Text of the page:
Actor Aahana Kumra on working on film sets that are far from female-friendly, and why the influx of stars on OTT spells bad news for young actors
Traversing beaten paths is not really up the alley for Aahana Kumra. Just this year, the Lipstick Under My Burkha star considers herself fortunate to be credited in films that fit a broad spectrum of genres — Marzi, Betaal, Khuda Haafiz (all for different OTT platforms).
“I’m glad I got the opportunity because I’m also getting to work with some mad actors,” she exclaims over phone from Mumbai.
Aahana’s latest is the Aniruddha Roy Chowdhury film, Rules of the Game, which is streaming on ZEE5.
The film follows the story of a couple Priya (Aahana) and Gaurav (played by Chandan Roy Sanyal), who are looking to spice it up in the bed. “They are thoroughly bored in their sex life, and the wife tries to incorporate games as a catalyst. And then it gets complicated,” says Aahana.
She shot for the film almost 18 months ago but remembers clearly how the first meeting went with the director, a person she evidently seems to hold a lot of admiration for. “He (Aniruddha) manages to enroll you into a story.He makes you very comfortable,” she says of the National Award-winning filmmaker.
“When we met for the first time, he invited me home and fed me so well,” she laughs, and pauses to add: “He gives you a lot of love but then there is also a lot of respect. He writes great stories for women, and there are a lot of women on his set. So you feel safe. When it’s a female-driven set, automatically you will notice the changes to the colour palette, the mood and the voices on set.”
Laws of equality
It is an issue that has Aahana bothered. For the many progressive tropes Bollywood or the rest of Indian cinema tries to push onto an audience, shooting sets are still largely operated as male fiefdoms.
“It is not easy to be on set for long because the job is strenuous. You are shooting in locations that are not friendly for women. I have worked on sets where there was no loo for women. So the issue is not only about addressing gender disparity but also to make the set female-friendly,” she remarks.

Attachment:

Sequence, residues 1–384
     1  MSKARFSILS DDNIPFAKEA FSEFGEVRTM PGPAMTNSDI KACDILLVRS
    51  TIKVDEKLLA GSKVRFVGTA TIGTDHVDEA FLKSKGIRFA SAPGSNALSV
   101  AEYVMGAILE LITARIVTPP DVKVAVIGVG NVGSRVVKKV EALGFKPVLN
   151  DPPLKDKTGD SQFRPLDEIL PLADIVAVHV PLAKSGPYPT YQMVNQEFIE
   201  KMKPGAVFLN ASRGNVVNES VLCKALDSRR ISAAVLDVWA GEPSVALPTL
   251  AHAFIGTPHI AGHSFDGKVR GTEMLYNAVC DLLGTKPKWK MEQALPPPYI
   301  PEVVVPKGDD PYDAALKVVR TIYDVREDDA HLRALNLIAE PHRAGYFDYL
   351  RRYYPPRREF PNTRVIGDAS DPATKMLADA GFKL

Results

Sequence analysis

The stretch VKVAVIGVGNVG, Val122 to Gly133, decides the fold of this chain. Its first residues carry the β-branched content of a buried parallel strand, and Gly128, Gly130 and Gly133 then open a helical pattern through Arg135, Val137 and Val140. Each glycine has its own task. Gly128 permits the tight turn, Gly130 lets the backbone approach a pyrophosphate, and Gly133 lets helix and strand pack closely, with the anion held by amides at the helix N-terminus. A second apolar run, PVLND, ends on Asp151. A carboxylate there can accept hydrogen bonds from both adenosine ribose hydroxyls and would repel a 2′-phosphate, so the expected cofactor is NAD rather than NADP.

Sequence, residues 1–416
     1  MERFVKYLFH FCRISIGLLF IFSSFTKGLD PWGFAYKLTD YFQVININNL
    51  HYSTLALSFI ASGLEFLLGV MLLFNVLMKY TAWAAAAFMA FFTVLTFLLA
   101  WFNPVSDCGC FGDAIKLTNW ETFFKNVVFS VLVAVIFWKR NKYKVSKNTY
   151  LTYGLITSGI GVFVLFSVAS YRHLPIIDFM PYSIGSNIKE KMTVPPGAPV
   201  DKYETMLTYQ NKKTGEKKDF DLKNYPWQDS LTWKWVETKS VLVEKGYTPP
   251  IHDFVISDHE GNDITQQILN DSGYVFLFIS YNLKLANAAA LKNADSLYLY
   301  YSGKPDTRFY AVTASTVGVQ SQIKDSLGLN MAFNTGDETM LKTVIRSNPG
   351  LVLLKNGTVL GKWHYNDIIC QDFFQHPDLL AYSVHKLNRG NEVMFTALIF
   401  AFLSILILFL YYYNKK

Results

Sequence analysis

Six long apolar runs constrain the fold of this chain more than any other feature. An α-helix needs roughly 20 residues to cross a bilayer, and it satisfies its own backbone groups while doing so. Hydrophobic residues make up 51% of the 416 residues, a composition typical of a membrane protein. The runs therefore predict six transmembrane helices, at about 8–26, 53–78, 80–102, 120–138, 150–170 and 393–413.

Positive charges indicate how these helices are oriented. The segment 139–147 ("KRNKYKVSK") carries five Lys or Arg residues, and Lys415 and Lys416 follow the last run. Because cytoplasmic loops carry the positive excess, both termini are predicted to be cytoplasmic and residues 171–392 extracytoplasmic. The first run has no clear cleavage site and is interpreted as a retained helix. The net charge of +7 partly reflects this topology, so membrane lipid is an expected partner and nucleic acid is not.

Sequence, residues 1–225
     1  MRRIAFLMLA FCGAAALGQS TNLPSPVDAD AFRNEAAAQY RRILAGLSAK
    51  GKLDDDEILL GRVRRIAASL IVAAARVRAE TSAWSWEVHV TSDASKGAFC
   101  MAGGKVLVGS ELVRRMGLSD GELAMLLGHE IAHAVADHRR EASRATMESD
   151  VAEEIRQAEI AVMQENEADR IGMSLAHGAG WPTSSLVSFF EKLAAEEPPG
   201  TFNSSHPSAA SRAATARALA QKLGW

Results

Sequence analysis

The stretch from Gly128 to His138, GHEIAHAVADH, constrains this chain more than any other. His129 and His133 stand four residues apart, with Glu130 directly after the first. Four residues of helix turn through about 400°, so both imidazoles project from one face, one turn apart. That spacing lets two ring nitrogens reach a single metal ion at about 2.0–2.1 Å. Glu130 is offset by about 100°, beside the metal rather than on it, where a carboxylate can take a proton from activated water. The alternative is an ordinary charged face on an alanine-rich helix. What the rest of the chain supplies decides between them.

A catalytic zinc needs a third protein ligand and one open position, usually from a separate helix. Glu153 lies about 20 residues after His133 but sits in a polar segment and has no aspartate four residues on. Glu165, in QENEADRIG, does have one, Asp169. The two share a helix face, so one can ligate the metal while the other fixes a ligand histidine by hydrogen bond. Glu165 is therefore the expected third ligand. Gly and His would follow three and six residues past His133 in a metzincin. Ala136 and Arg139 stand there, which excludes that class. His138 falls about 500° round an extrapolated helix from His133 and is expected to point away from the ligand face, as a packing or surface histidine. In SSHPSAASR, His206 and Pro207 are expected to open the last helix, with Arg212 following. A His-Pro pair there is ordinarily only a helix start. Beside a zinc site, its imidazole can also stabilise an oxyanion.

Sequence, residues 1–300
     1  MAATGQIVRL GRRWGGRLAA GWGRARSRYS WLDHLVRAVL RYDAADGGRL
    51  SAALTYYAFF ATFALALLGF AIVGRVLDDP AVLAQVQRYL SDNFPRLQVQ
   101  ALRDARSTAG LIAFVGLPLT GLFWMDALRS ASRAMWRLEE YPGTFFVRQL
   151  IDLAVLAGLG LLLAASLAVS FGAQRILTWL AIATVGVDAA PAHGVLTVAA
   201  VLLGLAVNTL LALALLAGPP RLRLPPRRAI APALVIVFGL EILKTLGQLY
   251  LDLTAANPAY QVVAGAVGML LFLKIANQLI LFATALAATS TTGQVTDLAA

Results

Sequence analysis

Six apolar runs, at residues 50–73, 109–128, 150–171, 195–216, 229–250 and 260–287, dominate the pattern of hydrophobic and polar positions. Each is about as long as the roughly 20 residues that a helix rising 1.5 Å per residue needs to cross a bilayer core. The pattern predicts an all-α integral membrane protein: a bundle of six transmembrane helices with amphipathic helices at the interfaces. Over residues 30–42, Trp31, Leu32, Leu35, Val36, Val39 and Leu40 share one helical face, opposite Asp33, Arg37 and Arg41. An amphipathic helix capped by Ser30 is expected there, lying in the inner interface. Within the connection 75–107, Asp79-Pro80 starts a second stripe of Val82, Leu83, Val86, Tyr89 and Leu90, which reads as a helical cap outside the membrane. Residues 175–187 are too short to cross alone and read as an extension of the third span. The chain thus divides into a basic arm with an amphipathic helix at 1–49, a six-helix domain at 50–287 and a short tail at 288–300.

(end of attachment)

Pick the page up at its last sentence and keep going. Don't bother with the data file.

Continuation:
She, however, finds rays of hope with more number of women now taking on active roles in a film set.
“It will take a while for the conditioning to break, but the process will hasten with more people taking a chance. I feel happy with all the younger females I notice on set. It is fun and exciting. There are very few female cinematographers and directors in our industry, but if you look at their work, they tell stories in a different way; their narratives are so different from men,” she says.
Changes to the landscape began with the influence of OTT content, she believes. With more female actors getting opportunities to play stronger, meatier roles on digital streaming platforms, there has been a noticeable impact in the way mainstream filmmakers write content for women.
“We have started to realise that people want to watch a story with a female lead,” she says, and adds: “The reason why women are so hungry for roles or are constantly fighting for it is because they don’t get the kind of opportunities to perform in their roles as the men. Don’t give us flimsy work. I don’t know what is holding people back in making these kind of narratives. Why is there only one Alankrita [Shrivastava] or Ashwiny [Tiwari] trying to make films about another woman?”
With the OTT space achieving significant growth over the last few months, courtesy in part to lockdown, opportunities are on the rise for young artistes.
However, with uncertainty over theatres still continuing, OTT is likely to attract the bigger stars of the mainstream sooner than later. It is a scenario that Aahana is aware of; the economic impact of COVID-19 forcing even the big spenders among OTT platforms to slash budgets has not escaped her notice.
“I think the pandemic has brought us to a stage where instead of moving one step forward, we have all had to take 10 steps back. At this point, it is either you take the job in the lesser budget and actually have a job, or sit at home without one,” she says.
“OTT space will be widely divided because we don’t know when it will be normal to go into theatres. Once the film actors enter, our jobs and our payscale will be affected. Opportunities are going to become less open because we have to make way for the biggest stars… unless we become one, but which you know is not an easy process,” she adds.